Weezer's Red album is the equivalent of somebody you meet at a party. You think they're pretty cool, so you exchange contact information. The next day, you meet up, and all of a sudden, this person is REALLY obnoxious, and not the alright person you had met the night before. The first half of the album starts off inoffensively enough (in that it doesn't start with "Beverly Hills") with "Troublemaker," which follows into "The Greatest Man Who Ever Lived," which, although containing some questionable lyrics, isn't that bad of a song. "Pork And Beans" even manages to recapture some of the band's Blue Album crunch.
And then the second half of the album dashes away any goodwill the first half established like a rock to the skull. WHY, RIVERS, WHY did you let the rest of the band take lead vocals on ANYTHING? Did you actually read bassist Scott Shriner's lyrics to "Cold Dark World?" I don't want to ever hear that dude say he's going to sex anything up in a strained near-rap-rock style. While it's good to see Rivers Cuomo coming out of his Make Believe era shell a little bit, it shouldn't be at the cost of an entire Weezer album.
My Morning Jacket - Evil Urges
Evil Urges wastes almost no time destroying its chances of being a great album. Article A: "Highly Suspicious," the most confounding thing this band has ever done. Over a bass guitar draped in effects that dude with long hair that you always see at Guitar Center is constantly tooling around with, Jim James shrieks and squeals about "peanut butter pudding surprises" and whatnot. Then there's the goofy ass chorus. It makes you completely forget about the epic title track and "Touch Me, I'm Going To Scream Pt. 1," which are two very worthy additions to the MMJ canon. I'm not even kidding when I say "Highly Suspicious" ruined this entire album for me.
Ratatat - LP3
I'm just going to call this one a swing and a miss. The first two Ratatat albums are still great. The guys just decided to try a bunch of new stuff, and it just so happened to result in a not-that-coherent album that lacks the non-stop hook assault that defined their earlier work. It happens.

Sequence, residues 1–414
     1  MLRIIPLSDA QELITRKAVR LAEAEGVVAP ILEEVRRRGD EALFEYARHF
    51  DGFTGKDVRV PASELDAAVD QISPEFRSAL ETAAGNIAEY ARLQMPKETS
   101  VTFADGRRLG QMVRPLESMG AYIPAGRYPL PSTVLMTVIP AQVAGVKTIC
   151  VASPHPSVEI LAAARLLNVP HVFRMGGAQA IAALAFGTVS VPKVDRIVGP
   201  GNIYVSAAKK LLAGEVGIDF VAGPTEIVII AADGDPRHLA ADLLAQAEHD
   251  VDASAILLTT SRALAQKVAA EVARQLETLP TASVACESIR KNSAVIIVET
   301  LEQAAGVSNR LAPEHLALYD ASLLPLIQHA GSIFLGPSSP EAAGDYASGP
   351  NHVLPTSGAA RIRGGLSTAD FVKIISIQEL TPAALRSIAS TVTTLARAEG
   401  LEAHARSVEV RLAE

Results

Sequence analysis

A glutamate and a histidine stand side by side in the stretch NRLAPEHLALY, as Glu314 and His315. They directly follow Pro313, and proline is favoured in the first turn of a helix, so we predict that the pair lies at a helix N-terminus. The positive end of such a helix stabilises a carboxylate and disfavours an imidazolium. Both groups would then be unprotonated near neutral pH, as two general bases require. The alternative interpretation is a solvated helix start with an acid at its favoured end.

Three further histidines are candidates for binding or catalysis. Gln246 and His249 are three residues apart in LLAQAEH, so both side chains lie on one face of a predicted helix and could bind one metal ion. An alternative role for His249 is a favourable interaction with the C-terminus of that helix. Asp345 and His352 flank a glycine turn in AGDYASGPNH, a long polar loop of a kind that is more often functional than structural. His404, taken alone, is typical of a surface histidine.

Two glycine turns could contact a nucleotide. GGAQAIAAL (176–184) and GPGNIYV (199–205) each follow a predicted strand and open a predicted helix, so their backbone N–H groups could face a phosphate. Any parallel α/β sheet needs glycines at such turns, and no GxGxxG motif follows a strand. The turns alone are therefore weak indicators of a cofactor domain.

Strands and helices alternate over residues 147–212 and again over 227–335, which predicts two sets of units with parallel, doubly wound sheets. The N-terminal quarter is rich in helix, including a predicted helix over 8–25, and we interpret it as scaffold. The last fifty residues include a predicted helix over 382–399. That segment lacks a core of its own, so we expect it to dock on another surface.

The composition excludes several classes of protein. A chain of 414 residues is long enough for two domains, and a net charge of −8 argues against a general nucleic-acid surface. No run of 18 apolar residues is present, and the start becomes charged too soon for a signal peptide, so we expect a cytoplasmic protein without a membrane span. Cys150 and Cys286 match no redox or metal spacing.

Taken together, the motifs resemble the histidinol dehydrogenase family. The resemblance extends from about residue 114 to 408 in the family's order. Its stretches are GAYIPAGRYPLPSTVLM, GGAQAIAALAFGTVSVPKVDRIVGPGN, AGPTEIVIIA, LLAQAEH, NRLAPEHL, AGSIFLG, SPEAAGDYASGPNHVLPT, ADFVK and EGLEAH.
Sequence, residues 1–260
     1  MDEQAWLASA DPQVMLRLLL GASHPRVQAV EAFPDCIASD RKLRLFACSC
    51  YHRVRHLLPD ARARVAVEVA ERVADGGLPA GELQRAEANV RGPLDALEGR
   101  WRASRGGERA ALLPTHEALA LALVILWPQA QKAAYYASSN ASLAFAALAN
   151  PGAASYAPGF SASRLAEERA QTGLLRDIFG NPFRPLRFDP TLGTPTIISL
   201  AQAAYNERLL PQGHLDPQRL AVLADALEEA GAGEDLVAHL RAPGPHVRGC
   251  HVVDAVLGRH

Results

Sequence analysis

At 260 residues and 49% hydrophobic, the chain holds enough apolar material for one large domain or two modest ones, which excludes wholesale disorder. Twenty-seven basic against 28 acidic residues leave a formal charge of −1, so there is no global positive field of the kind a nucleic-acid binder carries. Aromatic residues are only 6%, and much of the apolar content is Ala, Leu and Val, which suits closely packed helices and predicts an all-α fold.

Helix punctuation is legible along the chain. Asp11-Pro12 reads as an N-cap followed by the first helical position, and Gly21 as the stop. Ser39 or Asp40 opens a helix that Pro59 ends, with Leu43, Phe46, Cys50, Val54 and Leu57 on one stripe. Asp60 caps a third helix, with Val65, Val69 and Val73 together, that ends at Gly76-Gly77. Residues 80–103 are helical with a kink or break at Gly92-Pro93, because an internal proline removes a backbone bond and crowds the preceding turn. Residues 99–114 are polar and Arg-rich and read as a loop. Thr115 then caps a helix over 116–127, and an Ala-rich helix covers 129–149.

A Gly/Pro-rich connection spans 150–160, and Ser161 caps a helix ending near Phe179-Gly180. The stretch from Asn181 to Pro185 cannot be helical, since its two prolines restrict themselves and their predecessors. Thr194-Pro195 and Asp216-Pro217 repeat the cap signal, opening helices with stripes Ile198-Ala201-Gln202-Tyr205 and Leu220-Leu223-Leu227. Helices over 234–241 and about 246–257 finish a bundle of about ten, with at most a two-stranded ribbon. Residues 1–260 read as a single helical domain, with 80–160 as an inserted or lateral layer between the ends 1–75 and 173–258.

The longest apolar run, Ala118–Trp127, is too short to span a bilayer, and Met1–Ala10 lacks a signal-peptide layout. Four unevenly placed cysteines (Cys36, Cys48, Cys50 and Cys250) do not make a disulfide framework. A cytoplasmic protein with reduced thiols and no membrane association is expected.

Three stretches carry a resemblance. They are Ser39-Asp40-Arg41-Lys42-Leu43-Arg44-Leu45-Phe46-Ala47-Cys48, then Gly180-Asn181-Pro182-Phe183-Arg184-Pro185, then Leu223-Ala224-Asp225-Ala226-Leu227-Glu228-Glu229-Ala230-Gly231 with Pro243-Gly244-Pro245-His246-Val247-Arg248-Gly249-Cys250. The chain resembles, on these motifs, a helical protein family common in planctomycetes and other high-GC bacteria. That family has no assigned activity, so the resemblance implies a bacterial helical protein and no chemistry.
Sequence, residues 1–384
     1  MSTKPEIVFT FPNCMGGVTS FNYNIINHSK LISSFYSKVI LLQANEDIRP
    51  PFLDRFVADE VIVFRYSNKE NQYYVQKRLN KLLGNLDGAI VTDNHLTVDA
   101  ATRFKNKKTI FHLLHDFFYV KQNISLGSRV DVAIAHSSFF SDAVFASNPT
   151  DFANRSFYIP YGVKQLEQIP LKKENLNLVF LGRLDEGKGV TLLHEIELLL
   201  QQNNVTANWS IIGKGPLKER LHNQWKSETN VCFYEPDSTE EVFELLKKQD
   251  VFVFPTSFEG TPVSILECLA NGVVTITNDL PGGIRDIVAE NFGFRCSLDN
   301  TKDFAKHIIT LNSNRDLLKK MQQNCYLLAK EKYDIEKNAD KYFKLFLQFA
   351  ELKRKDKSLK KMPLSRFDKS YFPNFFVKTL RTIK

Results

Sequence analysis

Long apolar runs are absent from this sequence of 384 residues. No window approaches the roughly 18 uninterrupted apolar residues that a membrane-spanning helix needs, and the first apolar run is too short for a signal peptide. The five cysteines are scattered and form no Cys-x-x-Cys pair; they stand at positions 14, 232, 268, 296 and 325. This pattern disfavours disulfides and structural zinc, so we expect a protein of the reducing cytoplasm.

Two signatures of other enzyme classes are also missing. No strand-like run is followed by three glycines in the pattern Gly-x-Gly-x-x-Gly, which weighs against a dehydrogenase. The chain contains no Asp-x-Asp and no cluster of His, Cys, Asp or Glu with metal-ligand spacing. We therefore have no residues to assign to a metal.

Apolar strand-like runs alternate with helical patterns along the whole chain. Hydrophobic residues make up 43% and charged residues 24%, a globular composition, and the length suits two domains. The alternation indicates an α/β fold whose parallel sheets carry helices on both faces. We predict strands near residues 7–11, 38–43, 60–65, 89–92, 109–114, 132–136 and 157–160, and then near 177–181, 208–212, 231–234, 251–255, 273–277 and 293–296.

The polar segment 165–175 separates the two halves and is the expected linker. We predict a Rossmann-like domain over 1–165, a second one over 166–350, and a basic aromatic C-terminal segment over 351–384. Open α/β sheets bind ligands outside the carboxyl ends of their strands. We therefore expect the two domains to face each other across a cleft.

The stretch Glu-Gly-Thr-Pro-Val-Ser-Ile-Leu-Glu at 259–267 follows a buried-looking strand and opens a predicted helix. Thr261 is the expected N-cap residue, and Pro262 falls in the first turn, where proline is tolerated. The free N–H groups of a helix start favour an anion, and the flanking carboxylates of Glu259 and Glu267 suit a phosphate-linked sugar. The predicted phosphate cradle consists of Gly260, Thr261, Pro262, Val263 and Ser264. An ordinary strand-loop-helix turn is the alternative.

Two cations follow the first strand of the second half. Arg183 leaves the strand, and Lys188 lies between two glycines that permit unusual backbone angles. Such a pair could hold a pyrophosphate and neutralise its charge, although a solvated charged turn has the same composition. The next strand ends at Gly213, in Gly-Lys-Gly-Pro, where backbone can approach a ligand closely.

Jaguar Love - Take Me To The Sea
I'm always a little suspicious when the first single from an album is also the first track. Is a single supposed to serve as the strongest representation of the album, or just the most accessible? Either way, "Highways Of Gold" is still a good song. Unfortunately, placing it at the beginning of the album set the bar a little too high for the rest of the album from these Pretty Girls Make Graves/Blood Brothers alums to reach.
Guns 'N Roses - Chinese Democracy
Well no shit. Any album that has been built up since I was seven years old is almost inevitably going to disappoint when it is finally released. I even think Chuck Klosterman was straining when he awarded this album an A- over at the Onion AV Club. I'm only writing about this because I like Appetite For Destruction, and there was part of me that thought Axl was saving something special inside of himself for this, but no. He apparently stopped thinking of ideas after 1996, which is when it sounds like this album should have come out. But who cares, really? Who cares what Pitchfork, or Klosterman, or any outlet that focuses mainly on indie/punk/hardcore/whatever thinks? There will still be people that buy this album and love it unconditionally.
The Cure - 4:13 Dream
The first three songs from this almost had all of my faith in The Cure restored after 2004's spotty self-titled album. I was then completely unexpected for what happened next. "Freakshow" is just not good. I can't put it any other way, really. The rest of the album finds The Cure flailing through a few of their more poppy styles, but never really managing to make anything stick. It's almost like when a person trips on something and they fling their arms around trying to find something to grab on to before they hit the ground. 4:13 Dream finds the veteran band trying to grab on to a fully realized concept and failing.
4 years ago